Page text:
Lamennais founded L'Avenir, the first issue of which appeared on October 16, 1830, with the motto "God and Liberty." The paper was aggressively democratic, demanding rights of local administration, an enlarged suffrage, separation of church and state, universal freedom of conscience, instruction, assembly, and the press. Styles of worship were to be criticized, improved or abolished in absolute submission to the spiritual, not to the temporal authority. With the help of Montalembert, he founded the Agence générale pour la défense de la liberté religieuse, which became a far-reaching organization with agents throughout France who monitored violations of religious freedom. As a result, the periodical's career was stormy and its circulation opposed by conservative bishops.

In response, Lamennais, Montalembert and Lacordaire suspended their work and in November 1831 set out to Rome to obtain the approval of Pope Gregory XVI. After much opposition, they gained an audience, but only on condition that their political project should not be mentioned. A few days later they received a letter from Cardinal Pacca, advising their departure from Rome and suggesting that the Holy See, while admitting the justice of their intentions, would like the matter left open for the present.

Lacordaire and Montalembert departed immediately, but Lamennais stayed on until Gregory's letter to the Polish bishops, which denounced the Polish revolution against the Tsar, dashed his last hopes. While staying in Munich, Lamennais received the 1832 encyclical Mirari vos, which condemned religious pluralism in general and certain of Lamennais's ideas advanced in L'Avenir without mentioning his name. After this, Lamennais and his two lieutenants declared that out of deference to the pope they would not resume the publication of L'Avenir and dissolved the Agence générale as well.

Separation from the Church and further publications

Lamennais retired to La Chénaie. He communicated his resentment and political beliefs only through correspondence. The Vatican in turn demanded his frank and full adhesion to the encyclical Mirari vos. Lamennais refused to submit without qualification and in December 1833 renounced his ecclesiastical functions and abandoned all external profession of Christianity.

In May 1834, Lamennais penned Paroles d'un croyant (1834), a collection of aphorisms that denounced the established social order -- what he called the conspiracy of kings and priests against the people -- and declared his rupture with the Church. In the encyclical Singulari nos, Pope Gregory XVI condemned the book as "small in size, but immense in perversity", and censured Lamennais' philosophical system. Paroles was inspired by Adam Mickiewicz's Księgi narodu polskiego i pielgrzymstwa polskiego (Books of the Polish Nation and Polish Pilgrimage).[1]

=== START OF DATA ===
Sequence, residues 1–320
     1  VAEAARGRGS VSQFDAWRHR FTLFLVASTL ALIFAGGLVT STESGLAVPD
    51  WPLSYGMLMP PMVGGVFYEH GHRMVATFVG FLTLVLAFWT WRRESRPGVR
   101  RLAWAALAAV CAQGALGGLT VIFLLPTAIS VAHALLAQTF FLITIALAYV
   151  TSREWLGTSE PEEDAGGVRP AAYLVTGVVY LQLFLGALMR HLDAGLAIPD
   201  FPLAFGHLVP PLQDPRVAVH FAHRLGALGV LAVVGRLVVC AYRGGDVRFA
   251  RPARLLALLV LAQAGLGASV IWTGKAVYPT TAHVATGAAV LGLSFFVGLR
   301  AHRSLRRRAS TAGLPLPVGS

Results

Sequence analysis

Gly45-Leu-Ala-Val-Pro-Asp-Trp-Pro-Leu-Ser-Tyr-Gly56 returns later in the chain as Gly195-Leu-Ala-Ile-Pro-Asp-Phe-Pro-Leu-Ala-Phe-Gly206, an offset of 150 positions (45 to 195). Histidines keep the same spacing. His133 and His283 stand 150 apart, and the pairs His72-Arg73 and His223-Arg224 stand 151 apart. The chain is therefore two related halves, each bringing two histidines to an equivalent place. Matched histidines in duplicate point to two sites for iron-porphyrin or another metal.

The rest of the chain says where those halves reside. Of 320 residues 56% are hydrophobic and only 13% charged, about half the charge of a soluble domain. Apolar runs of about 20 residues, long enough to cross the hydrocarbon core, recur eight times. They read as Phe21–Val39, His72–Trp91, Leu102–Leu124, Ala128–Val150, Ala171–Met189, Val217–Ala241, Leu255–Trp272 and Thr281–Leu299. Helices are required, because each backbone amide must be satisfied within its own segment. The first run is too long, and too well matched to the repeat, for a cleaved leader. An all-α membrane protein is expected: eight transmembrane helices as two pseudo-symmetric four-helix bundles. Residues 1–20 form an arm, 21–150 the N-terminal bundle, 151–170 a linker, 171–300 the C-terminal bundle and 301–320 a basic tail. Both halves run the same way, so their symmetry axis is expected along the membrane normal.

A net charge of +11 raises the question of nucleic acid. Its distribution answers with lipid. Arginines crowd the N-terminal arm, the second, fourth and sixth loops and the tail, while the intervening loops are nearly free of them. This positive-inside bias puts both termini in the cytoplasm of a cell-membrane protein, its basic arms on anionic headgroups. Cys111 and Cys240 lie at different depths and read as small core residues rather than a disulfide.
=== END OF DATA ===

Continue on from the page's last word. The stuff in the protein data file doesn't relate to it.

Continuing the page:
Lamennais was increasingly abandoned by his friends and in 1837 published Les Affaires de Rome, des maux de l'église ci de la société, in which he provided his perspective on his relations with Gregory XVI.

After this, Lamennais penned several articles in the Revue des Deux Mondes, the Revue du Progrès and Le Monde, and published the pamphlets Le Livre du peuple (1837), De l'esclavage moderne (1839), Politique a l'usage du peuple (1839), Discussions critiques (1841), Du passé et de l'avenir du peuple (1841), Amschaspands et Darvands (1843), in which he espoused popular sovereignty and attacked contemporary society and the public authorities. After the publication of Le Pays et le gouvernement (1840), he was censored and imprisoned for a year in 1841.

From 1841 to 1846, Lamennais published the four-volumes of Esquisse d'une philosophie, a treatise on metaphysics, which detailed his departure from Christianity. The third volume, an exposition of art as a development of the aspirations and needs of worship, formed its core. Lamennais also published Les Evangiles, a French translation of the Gospels with added notes and reflections.

In 1846 Lamennais published Une voix de prison, written during his imprisonment.

Involvement in the Second Republic

Lamennais sympathized with the Revolution of 1848 and was elected a deputy for Paris to the Constituent Assembly. He drew up a plan for a Constitution, which was rejected as too radical. After this, he confined himself to silent participation in the sessions. He also started the newspapers Le Peuple constituant and La Révolution démocratique et sociale, espousing radical revolution. Both papers quickly ceased publication. He was also named president of the Société de la solidarité républicaine. He remained a deputy in the legislative assemblies until Napoleon III's 1851 coup, which depressed and isolated him once more.

Later years

After 1851, he occupied himself with La Divine Comédie, a translation of Dante's Divine Comedy and refused several attempts to reconcile him to the Church. He died in Paris in 1854 and was buried according to his own directions at Père Lachaise Cemetery without funeral rites, mourned by political and literary admirers.


There are two Œuvres complètes de Lamennais in ten volumes, the first published in 1836-1837, the second published in 1844. Both are incomplete.


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Further reading

  • Carolina Armenteros, The French Idea of History: Joseph de Maistre and his Heirs, 1794-1854 (Ithaca and London: Cornell University Press, 2011).
  • Thomas Bokenkotter, Church and Revolution: Catholics and the Struggle for Democracy and Social Justice (NY: Doubleday, 1998)

External links

  • 1911 Encyclopædia Britannica